From Hospital Vall d'Hebron University, Barcelona (X.M.); University of California, San Francisco, San Francisco (S.L.H.), and Genentech, South San Francisco (D.M., H.G., P.C.) - both in California; University Hospital Basel, University of Basel (L.K.), and F. Hoffmann-La Roche (A.S., P.F., S.B., N.M.), Basel, Switzerland; McGill University (D.L.A., A.B.-O.) and NeuroRx Research (D.L.A.), Montreal, and University of British Columbia, Vancouver (A.T.) - both in Canada; University Vita-Salute San Raffaele, Milan (G.C.); University Hospital of Strasbourg, Clinical Investigation Center (INSERM Unité 1434), Fédération de Médecine Translationnelle de Strasbourg, Strasbourg, France (J.S.); Barts and the London School of Medicine and Dentistry, London (G.G.); Medical Faculty, Heinrich Heine University Düsseldorf, Düsseldorf (H.-P.H.), and Technical University of Munich and Munich Cluster for Systems Neurology, Munich (B.H.) - both in Germany; Icahn School of Medicine at Mount Sinai, New York (F.L.); University of Miami, Miami (K.W.R.); Medical University of Łódź, Łódź, Poland (K.S.); and McGovern Medical School, University of Texas Health Science Center at Houston, Houston (J.S.W.).

Abstract

BACKGROUND:

An evolving understanding of the immunopathogenesis of multiple sclerosis suggests that depleting B cells could be useful for treatment. We studied ocrelizumab, a humanized monoclonal antibody that selectively depletes CD20-expressing B cells, in the primary progressive form of the disease.

METHODS:

In this phase 3 trial, we randomly assigned 732 patients with primary progressive multiple sclerosis in a 2:1 ratio to receive intravenous ocrelizumab (600 mg) or placebo every 24 weeks for at least 120 weeks and until a prespecified number of confirmed disability progression events had occurred. The primary end point was the percentage of patients with disability progression confirmed at 12 weeks in a time-to-event analysis.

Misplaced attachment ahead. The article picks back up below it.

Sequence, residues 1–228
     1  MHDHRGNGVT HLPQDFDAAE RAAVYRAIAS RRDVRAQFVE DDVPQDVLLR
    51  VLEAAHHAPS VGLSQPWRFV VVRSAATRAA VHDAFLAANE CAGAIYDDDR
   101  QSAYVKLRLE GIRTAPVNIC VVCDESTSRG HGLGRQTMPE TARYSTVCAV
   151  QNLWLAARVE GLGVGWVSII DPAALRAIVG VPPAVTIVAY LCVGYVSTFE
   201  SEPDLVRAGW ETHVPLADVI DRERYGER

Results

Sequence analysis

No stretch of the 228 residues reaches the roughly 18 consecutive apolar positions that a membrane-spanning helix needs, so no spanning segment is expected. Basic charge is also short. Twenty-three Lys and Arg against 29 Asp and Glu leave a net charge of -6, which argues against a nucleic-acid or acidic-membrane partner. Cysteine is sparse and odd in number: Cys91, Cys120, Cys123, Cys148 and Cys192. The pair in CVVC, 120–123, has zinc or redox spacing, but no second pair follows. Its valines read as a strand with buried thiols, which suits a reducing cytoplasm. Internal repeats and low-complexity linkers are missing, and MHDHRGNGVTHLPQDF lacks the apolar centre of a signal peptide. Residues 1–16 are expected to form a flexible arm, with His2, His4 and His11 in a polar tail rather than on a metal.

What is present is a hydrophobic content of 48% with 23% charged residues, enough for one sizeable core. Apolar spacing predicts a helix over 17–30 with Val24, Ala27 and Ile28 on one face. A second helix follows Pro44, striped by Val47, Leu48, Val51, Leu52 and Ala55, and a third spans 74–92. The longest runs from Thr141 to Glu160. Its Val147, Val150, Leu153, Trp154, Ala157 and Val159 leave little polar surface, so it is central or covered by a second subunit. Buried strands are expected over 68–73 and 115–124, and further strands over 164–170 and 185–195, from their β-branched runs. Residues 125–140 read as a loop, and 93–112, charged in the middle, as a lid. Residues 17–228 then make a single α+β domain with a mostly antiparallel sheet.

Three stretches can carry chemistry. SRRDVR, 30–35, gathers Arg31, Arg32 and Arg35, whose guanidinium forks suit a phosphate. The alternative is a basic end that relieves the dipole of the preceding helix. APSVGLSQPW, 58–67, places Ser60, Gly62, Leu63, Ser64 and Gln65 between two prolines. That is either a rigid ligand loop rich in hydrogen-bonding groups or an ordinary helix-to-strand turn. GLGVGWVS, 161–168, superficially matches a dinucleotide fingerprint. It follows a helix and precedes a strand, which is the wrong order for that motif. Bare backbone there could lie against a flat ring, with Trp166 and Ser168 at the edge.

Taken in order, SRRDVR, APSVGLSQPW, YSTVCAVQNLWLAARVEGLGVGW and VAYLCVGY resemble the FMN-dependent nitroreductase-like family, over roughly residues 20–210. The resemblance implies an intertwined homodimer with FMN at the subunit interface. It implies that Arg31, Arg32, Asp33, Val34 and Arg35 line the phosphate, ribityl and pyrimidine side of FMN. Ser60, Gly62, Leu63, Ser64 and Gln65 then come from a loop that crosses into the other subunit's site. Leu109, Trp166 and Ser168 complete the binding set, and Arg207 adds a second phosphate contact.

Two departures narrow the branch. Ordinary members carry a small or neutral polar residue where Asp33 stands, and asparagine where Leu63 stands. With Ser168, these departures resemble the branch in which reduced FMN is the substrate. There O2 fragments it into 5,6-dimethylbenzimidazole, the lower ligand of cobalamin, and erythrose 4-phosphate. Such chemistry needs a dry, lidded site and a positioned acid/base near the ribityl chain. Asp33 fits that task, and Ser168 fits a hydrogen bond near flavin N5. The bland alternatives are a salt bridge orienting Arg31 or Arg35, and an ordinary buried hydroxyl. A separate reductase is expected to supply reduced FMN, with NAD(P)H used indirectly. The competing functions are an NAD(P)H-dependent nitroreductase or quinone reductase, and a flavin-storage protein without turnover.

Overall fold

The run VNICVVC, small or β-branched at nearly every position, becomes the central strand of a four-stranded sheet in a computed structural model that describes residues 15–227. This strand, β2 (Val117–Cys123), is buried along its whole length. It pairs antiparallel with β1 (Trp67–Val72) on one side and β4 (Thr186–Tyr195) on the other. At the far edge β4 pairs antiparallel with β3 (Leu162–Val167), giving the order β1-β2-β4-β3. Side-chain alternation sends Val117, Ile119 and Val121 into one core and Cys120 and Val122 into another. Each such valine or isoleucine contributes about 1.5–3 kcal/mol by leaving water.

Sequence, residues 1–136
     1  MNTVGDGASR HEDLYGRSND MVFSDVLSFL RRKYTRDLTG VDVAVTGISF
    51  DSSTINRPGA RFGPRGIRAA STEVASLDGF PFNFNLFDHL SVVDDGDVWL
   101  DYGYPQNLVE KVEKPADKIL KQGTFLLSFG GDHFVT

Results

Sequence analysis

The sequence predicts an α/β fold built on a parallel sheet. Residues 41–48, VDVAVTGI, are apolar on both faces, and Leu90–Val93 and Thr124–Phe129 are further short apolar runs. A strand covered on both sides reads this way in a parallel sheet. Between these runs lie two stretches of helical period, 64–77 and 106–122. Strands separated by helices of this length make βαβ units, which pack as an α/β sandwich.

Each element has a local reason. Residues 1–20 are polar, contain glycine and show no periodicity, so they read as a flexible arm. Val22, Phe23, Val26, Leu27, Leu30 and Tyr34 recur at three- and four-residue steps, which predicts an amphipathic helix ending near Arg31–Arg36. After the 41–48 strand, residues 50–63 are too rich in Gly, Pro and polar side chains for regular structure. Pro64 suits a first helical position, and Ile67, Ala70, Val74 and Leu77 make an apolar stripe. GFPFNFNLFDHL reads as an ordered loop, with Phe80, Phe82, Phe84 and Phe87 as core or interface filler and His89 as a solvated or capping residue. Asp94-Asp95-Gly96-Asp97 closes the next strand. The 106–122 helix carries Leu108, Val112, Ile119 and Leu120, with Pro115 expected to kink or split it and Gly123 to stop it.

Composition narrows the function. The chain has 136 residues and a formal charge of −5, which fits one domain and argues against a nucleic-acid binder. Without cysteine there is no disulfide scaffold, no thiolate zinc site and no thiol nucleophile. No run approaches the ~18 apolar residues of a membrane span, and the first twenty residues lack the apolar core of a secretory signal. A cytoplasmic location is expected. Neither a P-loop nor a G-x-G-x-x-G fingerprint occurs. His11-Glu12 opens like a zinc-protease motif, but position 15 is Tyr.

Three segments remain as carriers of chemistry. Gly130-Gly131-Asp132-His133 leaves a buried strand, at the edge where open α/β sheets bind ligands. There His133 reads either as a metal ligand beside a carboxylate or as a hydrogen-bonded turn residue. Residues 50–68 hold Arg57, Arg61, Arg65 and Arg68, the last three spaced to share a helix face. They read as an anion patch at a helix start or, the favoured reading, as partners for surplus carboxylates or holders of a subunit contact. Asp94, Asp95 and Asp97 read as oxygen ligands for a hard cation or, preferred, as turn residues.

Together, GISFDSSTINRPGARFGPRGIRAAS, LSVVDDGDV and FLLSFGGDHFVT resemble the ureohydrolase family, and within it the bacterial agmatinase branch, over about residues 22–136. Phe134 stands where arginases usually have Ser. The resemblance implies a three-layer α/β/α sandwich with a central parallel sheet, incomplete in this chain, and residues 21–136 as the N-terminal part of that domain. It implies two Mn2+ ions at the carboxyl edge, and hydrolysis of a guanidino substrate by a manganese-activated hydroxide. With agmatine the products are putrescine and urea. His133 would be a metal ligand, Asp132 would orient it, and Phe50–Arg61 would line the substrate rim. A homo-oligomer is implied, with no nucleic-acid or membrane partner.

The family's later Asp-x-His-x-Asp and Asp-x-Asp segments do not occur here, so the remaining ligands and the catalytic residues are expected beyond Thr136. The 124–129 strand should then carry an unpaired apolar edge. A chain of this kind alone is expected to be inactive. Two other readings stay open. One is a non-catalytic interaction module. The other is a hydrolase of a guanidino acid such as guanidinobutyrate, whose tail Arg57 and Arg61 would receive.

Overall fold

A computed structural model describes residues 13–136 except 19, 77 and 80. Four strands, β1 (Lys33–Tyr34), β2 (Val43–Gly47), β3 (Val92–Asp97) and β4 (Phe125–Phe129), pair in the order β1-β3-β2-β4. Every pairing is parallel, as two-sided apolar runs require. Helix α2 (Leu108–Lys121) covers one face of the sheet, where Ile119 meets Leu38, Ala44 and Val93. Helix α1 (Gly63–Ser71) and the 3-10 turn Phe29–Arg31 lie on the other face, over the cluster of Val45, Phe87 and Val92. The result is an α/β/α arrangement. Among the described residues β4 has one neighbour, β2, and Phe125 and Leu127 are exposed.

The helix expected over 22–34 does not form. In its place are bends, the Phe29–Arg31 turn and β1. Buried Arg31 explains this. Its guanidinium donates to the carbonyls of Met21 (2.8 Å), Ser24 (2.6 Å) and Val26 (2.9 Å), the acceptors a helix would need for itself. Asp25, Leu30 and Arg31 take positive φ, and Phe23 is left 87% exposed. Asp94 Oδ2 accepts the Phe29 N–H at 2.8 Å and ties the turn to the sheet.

RESULTS:

The percentage of patients with 12-week confirmed disability progression was 32.9% with ocrelizumab versus 39.3% with placebo (hazard ratio, 0.76; 95% confidence interval [CI], 0.59 to 0.98; P=0.03). The percentage of patients with 24-week confirmed disability progression was 29.6% with ocrelizumab versus 35.7% with placebo (hazard ratio, 0.75; 95% CI, 0.58 to 0.98; P=0.04). By week 120, performance on the timed 25-foot walk worsened by 38.9% with ocrelizumab versus 55.1% with placebo (P=0.04); the total volume of brain lesions on T2-weighted magnetic resonance imaging (MRI) decreased by 3.4% with ocrelizumab and increased by 7.4% with placebo (P<0.001); and the percentage of brain-volume loss was 0.90% with ocrelizumab versus 1.09% with placebo (P=0.02). There was no significant difference in the change in the Physical Component Summary score of the 36-Item Short-Form Health Survey. Infusion-related reactions, upper respiratory tract infections, and oral herpes infections were more frequent with ocrelizumab than with placebo. Neoplasms occurred in 2.3% of patients who received ocrelizumab and in 0.8% of patients who received placebo; there was no clinically significant difference between groups in the rates of serious adverse events and serious infections.

CONCLUSIONS:

Among patients with primary progressive multiple sclerosis, ocrelizumab was associated with lower rates of clinical and MRI progression than placebo. Extended observation is required to determine the long-term safety and efficacy of ocrelizumab. (Funded by F. Hoffmann-La Roche; ORATORIO ClinicalTrials.gov number, NCT01194570 .).

PMID:
28002688
DOI:
10.1056/NEJMoa1606468
[Indexed for MEDLINE]